A Short History of Irish Soda Bread - Ackroyd's Scottish Bakery

A Short History of Irish Soda Bread

As we inch closer to Saint Patrick's Day, Irish Soda Bread's popularity rises. Soda bread is attributed to Native Americans who would make a soda leavened bread with pearl ash, a soda made from wood ash. Around the mid 19th century, soda bread became popular in Ireland, but they used baking soda (bicarbonate) instead of pearl ash. 

Irish Soda Bread does not contain a multitude of ingredients. In fact, the beauty is in the simplicity. The ingredients are flour, buttermilk, golden raisins (sultanas), eggs, sugar, butter, baking powder, and baking soda. That's all you need for our Irish Soda Bread recipe. Traditionally, recipes only called for flour, baking powder, buttermilk, and salt. You might call our version a "tea cake," but no matter what, it tastes great!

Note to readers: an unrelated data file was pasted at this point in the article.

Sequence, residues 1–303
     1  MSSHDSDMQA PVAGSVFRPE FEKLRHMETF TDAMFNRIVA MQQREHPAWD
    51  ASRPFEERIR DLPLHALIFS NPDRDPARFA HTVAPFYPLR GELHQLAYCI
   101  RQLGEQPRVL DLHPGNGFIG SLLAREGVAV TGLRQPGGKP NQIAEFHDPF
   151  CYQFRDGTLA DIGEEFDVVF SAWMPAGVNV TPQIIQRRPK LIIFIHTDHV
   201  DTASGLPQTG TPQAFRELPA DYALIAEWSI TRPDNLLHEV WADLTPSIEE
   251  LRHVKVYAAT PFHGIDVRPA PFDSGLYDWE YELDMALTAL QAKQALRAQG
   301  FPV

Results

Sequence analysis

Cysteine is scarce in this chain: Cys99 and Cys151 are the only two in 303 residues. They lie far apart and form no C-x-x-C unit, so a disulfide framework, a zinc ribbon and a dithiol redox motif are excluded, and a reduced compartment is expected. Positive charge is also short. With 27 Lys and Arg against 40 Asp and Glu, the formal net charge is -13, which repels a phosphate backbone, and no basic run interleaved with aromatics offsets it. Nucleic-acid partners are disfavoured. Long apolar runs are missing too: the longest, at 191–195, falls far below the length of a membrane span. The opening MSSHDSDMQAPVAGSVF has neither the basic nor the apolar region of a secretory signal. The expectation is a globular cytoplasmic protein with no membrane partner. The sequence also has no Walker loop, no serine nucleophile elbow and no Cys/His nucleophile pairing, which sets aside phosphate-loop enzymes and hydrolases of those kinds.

Some people like to add caraway seeds or some may omit the sultanas - regardless of your preference, soda bread is always great with butter and/or jam. If you're not looking for a sweet preparation, Irish Soda Bread is also perfect along side hearty stews. The delicate sweet & tangy soda bread offers a lovely contrast to many stew's richness.

The unique flavor of Irish Soda Bread has much to do with science. The chemical reaction between the buttermilk and baking soda is the reason the bread rises and why it tastes the way it does. 

We suggest slicing and toasting Irish Soda Bread to your liking, but you can also enjoy it thawed at room temperature. While Irish Soda Bread is most popular in March because of St. Paddy's Day, it is delicious any time of year.

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